Falcon Bank's ex-Singapore branch manager gets jail, fine in 1MDB-related case

Jens Sturzenegger pleaded guilty to six counts related to the 1MDB case, on Jan 11, 2017.
Jens Sturzenegger pleaded guilty to six counts related to the 1MDB case, on Jan 11, 2017. ST PHOTO: WONG KWAI CHOW

SINGAPORE - A former branch manager of Falcon Private Bank was sentenced to 28 weeks jail and a fine of S$128,000 after he pleaded guilty to six counts including consenting in the bank's failure to comply with Singapore's anti-money laundering rules in relation to the 1Malaysia Development Berhad (1MDB) scandal.

Swiss national Jens Sturzenegger, 42, was charged on Jan 5 with 16 counts including failing to report suspicious transactions tied to inflows of about US$1.265 billion (S$1.81 billion) into two accounts between March 21 and 25, 2013.

The remaining 10 charges were taken into consideration. Prosecution was seeking a sentence of 30-32 weeks imprisonment and fines totalling S$150,000.

Sturzenegger, the first foreigner and the fifth person to be charged in relation to the 1MDB scandal, was also accused of lying to police and the Monetary Authority of Singapore (MAS) about his ties to tycoon Low Taek Jho, better known as Jho Low. Mr Low is accused by the authorities around the world of being at the centre of alleged massive money laundering linked to 1MDB.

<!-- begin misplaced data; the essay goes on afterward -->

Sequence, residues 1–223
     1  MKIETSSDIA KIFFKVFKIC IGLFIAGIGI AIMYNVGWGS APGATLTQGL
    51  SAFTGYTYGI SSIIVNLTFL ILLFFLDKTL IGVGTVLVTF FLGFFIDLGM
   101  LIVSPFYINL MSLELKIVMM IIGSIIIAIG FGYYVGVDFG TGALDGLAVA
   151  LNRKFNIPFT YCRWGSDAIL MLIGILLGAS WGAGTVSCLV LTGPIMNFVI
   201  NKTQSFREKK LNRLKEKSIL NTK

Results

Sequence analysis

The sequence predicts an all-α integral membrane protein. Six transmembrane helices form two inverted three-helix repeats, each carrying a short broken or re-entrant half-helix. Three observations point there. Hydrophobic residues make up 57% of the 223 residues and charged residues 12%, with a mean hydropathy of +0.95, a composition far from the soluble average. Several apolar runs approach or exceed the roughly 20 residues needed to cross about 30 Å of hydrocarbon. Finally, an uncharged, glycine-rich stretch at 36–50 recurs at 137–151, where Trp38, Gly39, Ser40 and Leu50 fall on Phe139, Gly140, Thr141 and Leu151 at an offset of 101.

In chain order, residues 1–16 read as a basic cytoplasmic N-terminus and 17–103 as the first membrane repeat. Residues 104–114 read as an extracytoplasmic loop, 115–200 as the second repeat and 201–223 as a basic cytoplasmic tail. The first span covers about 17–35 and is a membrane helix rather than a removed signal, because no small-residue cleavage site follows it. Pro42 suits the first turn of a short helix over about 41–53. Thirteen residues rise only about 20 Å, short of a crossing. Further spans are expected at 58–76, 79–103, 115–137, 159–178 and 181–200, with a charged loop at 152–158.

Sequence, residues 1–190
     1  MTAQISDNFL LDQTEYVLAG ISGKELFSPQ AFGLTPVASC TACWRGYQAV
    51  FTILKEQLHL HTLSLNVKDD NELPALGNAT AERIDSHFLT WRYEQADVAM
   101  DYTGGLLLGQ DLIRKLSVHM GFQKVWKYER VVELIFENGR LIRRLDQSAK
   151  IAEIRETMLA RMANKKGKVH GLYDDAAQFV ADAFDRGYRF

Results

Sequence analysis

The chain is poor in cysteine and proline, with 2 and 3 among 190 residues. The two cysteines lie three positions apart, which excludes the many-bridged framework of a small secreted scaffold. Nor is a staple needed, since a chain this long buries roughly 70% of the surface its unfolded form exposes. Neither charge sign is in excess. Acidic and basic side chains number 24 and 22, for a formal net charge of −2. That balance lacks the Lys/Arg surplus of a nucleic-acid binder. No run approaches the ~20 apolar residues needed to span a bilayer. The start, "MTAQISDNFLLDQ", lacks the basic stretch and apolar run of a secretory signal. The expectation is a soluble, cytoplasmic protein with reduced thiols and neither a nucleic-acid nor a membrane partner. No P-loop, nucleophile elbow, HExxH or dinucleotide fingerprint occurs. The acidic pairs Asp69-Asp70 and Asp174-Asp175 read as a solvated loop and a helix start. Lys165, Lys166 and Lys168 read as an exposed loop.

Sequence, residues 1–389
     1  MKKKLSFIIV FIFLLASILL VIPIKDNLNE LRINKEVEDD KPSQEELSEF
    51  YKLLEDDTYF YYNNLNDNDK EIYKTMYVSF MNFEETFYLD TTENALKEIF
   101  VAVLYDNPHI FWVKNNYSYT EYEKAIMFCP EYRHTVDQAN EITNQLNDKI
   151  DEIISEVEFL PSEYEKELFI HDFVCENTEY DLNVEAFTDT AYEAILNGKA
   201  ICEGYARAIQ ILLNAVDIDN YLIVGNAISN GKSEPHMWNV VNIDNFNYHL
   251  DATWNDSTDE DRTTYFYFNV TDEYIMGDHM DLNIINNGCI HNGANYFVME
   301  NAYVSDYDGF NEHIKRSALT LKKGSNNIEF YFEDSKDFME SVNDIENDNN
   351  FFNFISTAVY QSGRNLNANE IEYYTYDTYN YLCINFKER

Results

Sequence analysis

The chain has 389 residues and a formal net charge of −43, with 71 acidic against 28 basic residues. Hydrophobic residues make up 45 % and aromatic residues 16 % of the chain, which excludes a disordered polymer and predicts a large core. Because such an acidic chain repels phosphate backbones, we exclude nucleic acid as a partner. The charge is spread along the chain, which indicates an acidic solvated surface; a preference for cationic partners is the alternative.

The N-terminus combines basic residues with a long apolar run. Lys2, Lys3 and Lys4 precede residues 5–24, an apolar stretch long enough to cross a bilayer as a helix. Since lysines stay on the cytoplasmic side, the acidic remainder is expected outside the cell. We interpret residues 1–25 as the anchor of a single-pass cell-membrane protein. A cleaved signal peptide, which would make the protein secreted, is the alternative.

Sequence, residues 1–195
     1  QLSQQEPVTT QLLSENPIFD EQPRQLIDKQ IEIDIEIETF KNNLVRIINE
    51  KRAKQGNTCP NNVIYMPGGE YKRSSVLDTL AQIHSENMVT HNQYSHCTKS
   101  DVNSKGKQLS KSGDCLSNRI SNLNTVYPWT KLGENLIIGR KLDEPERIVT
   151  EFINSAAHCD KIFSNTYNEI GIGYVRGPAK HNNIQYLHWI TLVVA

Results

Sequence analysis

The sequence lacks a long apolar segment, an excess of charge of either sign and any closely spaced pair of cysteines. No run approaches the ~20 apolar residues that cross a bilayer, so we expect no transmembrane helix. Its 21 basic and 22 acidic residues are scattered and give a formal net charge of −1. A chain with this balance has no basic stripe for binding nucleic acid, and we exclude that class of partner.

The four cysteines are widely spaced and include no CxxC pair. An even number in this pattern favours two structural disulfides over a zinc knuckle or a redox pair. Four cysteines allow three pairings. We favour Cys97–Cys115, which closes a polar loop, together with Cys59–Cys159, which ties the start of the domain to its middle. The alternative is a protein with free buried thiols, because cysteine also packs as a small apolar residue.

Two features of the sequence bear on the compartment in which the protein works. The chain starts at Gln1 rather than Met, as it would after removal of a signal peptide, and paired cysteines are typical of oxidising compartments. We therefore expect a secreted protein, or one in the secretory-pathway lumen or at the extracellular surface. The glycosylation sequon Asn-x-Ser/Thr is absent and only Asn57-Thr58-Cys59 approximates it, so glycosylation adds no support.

It is believed hundreds of millions of dollars have been transferred from accounts at Falcon to Mr Low and his associates as well as Malaysian Prime Minister Najib Razak, who has been cleared of wrongdoing by Malaysia's Attorney-General.


Falcon was shut down by regulators here last October, following similar action against BSI in May. Falcon was accused of "a persistent and severe lack of understanding" of MAS' anti-money laundering regulations and fined S$4.3 million here.

MAS said Sturzenegger's "improper conduct... had impaired the effectiveness of the Singapore branch's compliance function in discharging its responsibilities". He was arrested on Oct 5 and has been out on bail of S$80,000.